I recently went to the Big Island. When I was planning my trip, the two most important things that I wanted to do were to visit Mauna Kea and to see the lava. I researched how to see lava on the Big Island, and I learned that I could actually see it from a few different ways.
The last time I went to the Big Island was three years ago. There was no active lava flow, so I was hoping I would get the chance to see lava flowing into the ocean this time. Although the lava has been flowing for a while, I wasn’t sure if the lava would still be flowing when I booked my trip six months ago. Pele, the goddess of lava, is tricky like that and quite unpredictable. You never know how long the lava will be flowing.
Luckily, during my trip, I saw the lava from two different locations.
If there is no active lava flow, you can still see lava glow from Halema’uma’u Crater, an active crater. You can drive right up to Halema’uma’u Crater, making it a very accessible attraction. Although you won’t see lava flowing from here, it’s still a beautiful sight. If you go to Hawaii Volcanoes National Park, it’s my number one must-see.
To see the Halema’uma’u Crater, drive to the Jagger Museum in Hawaii Volcanoes National Park. Here, you can read all about volcanoes and even touch some lava rock. There is also a gift shop and a bathroom.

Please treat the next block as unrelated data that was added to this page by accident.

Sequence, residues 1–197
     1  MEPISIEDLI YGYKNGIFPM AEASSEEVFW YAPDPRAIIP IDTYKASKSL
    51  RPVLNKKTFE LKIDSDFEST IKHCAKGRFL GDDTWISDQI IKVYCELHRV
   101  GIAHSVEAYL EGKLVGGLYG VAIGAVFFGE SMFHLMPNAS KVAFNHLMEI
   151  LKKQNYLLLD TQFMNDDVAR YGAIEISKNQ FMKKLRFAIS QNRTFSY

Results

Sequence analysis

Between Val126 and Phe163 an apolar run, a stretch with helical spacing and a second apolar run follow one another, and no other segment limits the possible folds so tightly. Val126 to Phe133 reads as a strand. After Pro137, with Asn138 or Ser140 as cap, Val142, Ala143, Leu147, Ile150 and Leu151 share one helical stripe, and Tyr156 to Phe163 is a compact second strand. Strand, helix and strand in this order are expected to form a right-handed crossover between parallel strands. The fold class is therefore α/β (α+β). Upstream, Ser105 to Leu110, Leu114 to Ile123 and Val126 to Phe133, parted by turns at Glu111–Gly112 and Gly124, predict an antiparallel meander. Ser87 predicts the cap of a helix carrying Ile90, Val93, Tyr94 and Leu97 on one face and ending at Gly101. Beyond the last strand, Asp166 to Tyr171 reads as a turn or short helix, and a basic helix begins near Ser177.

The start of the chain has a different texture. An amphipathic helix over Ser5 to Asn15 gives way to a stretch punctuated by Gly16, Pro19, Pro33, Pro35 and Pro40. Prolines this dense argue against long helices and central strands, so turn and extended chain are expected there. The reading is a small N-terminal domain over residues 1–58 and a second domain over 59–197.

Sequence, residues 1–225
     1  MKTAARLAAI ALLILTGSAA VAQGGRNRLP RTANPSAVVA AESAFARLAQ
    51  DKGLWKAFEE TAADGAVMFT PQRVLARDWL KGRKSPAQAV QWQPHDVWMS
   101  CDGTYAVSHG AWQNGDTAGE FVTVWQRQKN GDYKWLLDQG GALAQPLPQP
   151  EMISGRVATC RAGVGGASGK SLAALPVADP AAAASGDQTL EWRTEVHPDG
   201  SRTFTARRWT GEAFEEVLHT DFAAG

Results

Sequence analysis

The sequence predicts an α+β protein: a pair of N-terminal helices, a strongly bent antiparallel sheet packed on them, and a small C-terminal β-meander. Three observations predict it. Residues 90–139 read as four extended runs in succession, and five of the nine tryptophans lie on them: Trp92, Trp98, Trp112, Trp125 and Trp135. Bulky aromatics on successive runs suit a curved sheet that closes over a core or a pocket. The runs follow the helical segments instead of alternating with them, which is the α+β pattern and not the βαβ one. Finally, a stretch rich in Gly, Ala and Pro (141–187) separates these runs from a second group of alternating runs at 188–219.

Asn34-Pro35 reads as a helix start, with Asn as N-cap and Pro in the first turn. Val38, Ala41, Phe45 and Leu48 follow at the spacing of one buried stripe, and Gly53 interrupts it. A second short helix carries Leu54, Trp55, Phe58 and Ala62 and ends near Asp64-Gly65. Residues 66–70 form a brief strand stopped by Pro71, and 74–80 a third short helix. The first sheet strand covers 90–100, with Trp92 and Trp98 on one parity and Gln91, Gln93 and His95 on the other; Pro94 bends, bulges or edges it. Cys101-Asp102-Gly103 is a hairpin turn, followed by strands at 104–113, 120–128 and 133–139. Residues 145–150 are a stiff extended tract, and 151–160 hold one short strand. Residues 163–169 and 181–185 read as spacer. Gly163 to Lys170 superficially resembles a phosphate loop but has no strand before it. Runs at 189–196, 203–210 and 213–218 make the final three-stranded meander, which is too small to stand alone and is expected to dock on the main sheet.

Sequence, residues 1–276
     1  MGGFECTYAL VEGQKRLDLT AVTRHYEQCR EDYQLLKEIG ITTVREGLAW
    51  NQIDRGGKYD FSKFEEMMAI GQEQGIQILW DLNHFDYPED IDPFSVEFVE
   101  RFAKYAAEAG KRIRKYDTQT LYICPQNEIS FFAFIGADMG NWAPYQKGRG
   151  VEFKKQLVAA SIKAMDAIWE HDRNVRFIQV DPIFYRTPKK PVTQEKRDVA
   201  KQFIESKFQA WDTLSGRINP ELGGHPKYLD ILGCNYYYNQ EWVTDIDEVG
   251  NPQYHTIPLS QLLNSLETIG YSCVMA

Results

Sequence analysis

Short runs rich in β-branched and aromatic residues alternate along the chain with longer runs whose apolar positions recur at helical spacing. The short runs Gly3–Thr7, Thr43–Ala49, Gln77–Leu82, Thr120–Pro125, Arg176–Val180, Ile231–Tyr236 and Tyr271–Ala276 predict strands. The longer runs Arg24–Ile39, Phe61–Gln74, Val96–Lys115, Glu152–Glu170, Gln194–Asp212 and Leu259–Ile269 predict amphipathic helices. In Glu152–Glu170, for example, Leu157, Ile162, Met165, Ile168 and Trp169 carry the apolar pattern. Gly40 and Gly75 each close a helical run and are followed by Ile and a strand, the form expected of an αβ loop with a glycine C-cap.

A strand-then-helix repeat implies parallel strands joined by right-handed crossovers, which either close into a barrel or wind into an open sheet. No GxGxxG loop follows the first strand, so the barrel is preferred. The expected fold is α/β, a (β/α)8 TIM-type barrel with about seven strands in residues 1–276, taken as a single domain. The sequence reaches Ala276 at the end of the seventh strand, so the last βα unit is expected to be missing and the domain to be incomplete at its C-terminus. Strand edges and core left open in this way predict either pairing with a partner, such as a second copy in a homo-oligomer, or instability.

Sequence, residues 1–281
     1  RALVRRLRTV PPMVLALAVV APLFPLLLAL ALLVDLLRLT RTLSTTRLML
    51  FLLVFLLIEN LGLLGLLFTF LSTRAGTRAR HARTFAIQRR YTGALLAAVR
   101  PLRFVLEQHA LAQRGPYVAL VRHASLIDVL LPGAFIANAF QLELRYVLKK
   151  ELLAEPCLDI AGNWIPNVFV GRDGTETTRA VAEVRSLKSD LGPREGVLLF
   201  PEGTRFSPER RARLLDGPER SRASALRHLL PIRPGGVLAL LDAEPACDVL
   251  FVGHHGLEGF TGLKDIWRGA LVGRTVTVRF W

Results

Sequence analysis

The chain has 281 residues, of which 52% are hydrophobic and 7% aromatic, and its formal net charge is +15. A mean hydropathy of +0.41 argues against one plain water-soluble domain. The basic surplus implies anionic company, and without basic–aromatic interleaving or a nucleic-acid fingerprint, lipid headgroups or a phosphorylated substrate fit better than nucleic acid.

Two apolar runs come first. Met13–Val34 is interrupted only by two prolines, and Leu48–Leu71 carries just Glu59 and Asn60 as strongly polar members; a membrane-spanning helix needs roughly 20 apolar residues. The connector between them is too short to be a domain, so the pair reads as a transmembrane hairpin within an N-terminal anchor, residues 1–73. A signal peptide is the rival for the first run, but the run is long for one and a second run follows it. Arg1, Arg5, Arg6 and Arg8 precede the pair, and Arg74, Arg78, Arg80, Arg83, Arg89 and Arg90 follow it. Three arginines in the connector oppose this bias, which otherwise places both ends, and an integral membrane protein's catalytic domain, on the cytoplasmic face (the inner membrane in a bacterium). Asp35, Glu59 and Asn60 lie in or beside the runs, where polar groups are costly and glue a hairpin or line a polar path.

Here, you can always see the glow of the Halema’uma’u Crater. But here’s the catch — during the day, the glow appears to be white smoke. At night, the glow turns to orange and red and pink.
Visitors line up outside the volcano about a half hour to an hour before sunset to get the best views. As the sky darkens, the glow becomes darker and darker red. Pro Tip: Stay until at least a few minutes after the sky gets dark so that you can see the deepest colors of the lava glow. Everyone tends to leave as soon as the glow appears. But if you wait, the colors will get more and more intense.
Pro Tip: Stay until at least a few minutes after the sky gets dark so that you can see the deepest colors of the lava glow. Everyone tends to leave as soon as the sun starts to go down . But if you wait, the colors will get more and more intense.
Kalapana Lava Viewing Area
When I arrived at Hawaii Volcanoes National Park, the first thing that I did was stop at the Visitor Center to talk to the Park Rangers. I knew that they would have the most up today information about the lava flow. The National Park Service also posts daily updates here.
The Park Ranger told us that there are a few ways to see the lava from the Kalapana lava viewing area. The Kalapana lava viewing area is an hour drive from Hawaii Volcanoes National Park, where we were staying. It is also about 45 minutes from Hilo. From there, it is three miles on foot or on a bicycle to get to the lava viewing area. So, this trip might not be for everyone.
The Park Ranger advised us to take sunscreen, snacks, and three liters of water with us. She also told us to wear long pants and hiking shoes. We followed all of her instructions, and I am so glad because it was a long journey from our hotel to the lava viewing area. I drank all of my water and ate all of my snacks.